As their names cross my mind, I can see their young faces now - brave men they were. Men with families, with talents, bound by their love of country and freedom. Men who sacrificed their lives for their fellow comrades and for those waiting back home.
I see Army Capt. Ben Tiffner, a West Point graduate whose love of God and others touched countless lives during his short military career. Ben had the amazing ability to make friends with anyone and to leave a lasting impression on those he met. Now, eight years after he died while serving with the Army Special Forces in Iraq, Ben's life continues to impact those who are left behind, and his legacy endures in the memories and hearts of every one of them.
I see Marine Lcpl. Grant Fraser, a fellow Alaskan whose smile and love for life infused this world with a much-needed touch of happiness. Grant was gifted with a wonderful ability to laugh through life's storms and to find joy no matter what the circumstances. Always spontaneous, he would look for any opportunity to lighten the mood and cheer up a forlorn human heart. Grant was an outstanding musician, actor, and lover of all things Alaskan. He died while serving with his Marine Corps reserve unit in Iraq, deeply mourned by those whose lives he blessed and touched. Nearly ten years later, his life is still remembered through the memorials that bear his name, the high school auditorium where he performed (and which now is named for him), and the memories and stories of his friends, family members, and community. Grant was a ray of sunshine to so many and that warmth still remains in their hearts today.
I see Marine Cpl. Michael Lasky. Almost ten years ago, I met Michael and his family at his homecoming when he returned with his unit from Iraq. Michael was a bundle of energy and had a great way of motivating and encouraging others. No task was too daunting to him, no problem too hard to be solved. His fellow Marines and his friends loved him for his can-do attitude and his fearless way of running toward danger in order to protect those he loved. A year after coming home from Iraq, he volunteered to go back and serve there. He ended up giving his life while on this deployment but, in the words of one of his fellow Marines, "he died doing what he loved." I am thankful that I got to briefly know this brave young man and that my life was one of the many that he touched in his short time on this earth. I miss him greatly and continue to remember him as the years roll on.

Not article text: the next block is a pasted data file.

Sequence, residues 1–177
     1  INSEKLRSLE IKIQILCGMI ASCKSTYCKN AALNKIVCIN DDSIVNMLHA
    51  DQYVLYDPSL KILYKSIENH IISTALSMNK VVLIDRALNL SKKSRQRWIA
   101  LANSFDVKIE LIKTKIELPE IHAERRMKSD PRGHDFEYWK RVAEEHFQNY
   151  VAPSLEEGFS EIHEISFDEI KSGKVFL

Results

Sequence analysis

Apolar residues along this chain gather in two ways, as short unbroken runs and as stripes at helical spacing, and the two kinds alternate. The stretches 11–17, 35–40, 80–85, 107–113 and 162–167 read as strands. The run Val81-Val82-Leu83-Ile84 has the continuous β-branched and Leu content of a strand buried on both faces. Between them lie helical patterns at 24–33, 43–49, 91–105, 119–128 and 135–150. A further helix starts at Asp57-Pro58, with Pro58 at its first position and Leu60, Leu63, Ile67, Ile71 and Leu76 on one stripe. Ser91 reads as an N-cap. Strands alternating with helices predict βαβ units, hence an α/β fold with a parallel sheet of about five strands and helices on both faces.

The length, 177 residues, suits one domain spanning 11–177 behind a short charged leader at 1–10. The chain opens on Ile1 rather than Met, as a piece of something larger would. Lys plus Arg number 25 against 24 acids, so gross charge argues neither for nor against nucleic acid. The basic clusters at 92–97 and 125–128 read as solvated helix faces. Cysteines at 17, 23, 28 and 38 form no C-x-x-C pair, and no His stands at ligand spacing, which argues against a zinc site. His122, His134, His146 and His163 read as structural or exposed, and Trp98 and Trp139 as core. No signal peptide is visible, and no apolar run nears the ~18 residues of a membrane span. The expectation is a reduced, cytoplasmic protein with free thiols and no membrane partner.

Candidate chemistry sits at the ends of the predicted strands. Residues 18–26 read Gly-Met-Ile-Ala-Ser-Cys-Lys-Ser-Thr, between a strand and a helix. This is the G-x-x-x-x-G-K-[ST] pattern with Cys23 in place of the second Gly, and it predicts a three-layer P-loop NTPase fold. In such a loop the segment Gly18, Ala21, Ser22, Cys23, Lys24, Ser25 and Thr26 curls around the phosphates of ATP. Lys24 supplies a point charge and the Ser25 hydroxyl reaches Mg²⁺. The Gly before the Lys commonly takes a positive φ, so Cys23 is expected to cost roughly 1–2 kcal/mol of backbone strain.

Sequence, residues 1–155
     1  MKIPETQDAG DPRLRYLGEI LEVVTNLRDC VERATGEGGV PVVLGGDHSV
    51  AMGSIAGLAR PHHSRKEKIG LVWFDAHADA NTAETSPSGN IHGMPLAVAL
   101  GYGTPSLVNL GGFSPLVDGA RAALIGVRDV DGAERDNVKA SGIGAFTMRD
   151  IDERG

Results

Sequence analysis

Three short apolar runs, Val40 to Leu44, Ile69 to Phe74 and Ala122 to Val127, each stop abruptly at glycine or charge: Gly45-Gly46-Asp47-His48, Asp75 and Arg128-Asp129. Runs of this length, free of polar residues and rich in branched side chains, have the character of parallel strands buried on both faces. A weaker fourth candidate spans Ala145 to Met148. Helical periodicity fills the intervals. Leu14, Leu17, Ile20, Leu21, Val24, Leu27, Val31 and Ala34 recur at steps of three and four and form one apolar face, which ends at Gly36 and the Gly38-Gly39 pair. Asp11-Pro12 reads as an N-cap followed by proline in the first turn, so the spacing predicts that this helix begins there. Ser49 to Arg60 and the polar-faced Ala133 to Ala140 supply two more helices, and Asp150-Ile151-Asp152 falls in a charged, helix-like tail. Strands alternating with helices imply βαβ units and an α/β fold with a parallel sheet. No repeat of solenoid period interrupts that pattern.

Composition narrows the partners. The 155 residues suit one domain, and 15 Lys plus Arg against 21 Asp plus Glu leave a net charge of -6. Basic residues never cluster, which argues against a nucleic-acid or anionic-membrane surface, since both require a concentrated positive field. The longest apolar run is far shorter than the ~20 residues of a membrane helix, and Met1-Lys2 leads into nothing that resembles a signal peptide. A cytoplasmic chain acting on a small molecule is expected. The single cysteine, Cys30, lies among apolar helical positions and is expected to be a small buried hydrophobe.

I see Army Spc. Shane Woods, another Alaskan who proudly joined the military to protect the ideals that were important to him. While still in high school, he wrote a paper describing himself as a Christian soldier. A year ago, I posted a piece about him titled, "Lasting Legacies," which described the incredible story of this godly young man. Shane wasn't always the most faithful Christian but, toward the end of his life, he began to take his beliefs more seriously than before. Soldiers who served with him still talk about the amazing way in which Shane would talk about his Savior. Shane had many things he wanted to do in this world, one of which included starting an orphanage in India. But he ended up going home to be with his Lord while serving in Iraq - long before he could accomplish these things. He did depart in peace, though, knowing that he was going to a far better place. I have been honored to get to know one of Shane's close friends in the last few years and, while I never met Shane, I never cease to be inspired by his love for God and his nation.
These faces you now see described here - they are more than just names on a roll call sheet, or engraved on a memorial for those who gave their lives. These were real people who loved this country enough to serve it and to sacrifice their lives for it. They loved you and me - their fellow Americans - enough that they took on the role of protector so that we would not have to do so ourselves! For this reason, Memorial Day takes on a personal meaning for me. It isn't just a day where we gather for barbecues and celebrate America -that is reserved for July 4th. It isn't a day to thank the service members who are still living - that is reserved for Veterans Day and Armed Forces Day. Rather, it is a day to acknowledge and reflect on those courageous souls who "more than self their country loved and mercy more than life," as the song says. This is why I spend my Memorial Day every year out at the National Cemetery on the military base near where I live. That is where the true meaning sinks in for me, and I am reminded of the price of freedom.
Memorial Day should be a time of immense gratitude to those who have chosen to serve and who were willing to give "their last full measure of devotion," in the words of President Abraham Lincoln. They did it for their buddies fighting next to them; they did it for their loved ones at home; they did it for their communities and their friends. Even more, we are able to live the busy and productive lives that we do because of what they did on our behalf. That is something worth being thankful for and something that we should never take for granted. This Memorial Day, try to take a minute to pause and think about this sobering reality. Say a prayer for those left behind, and be grateful that such brave men have unselfishly done what they did. Their faces still grace the memory, and their actions and lives still inspire and warm the heart.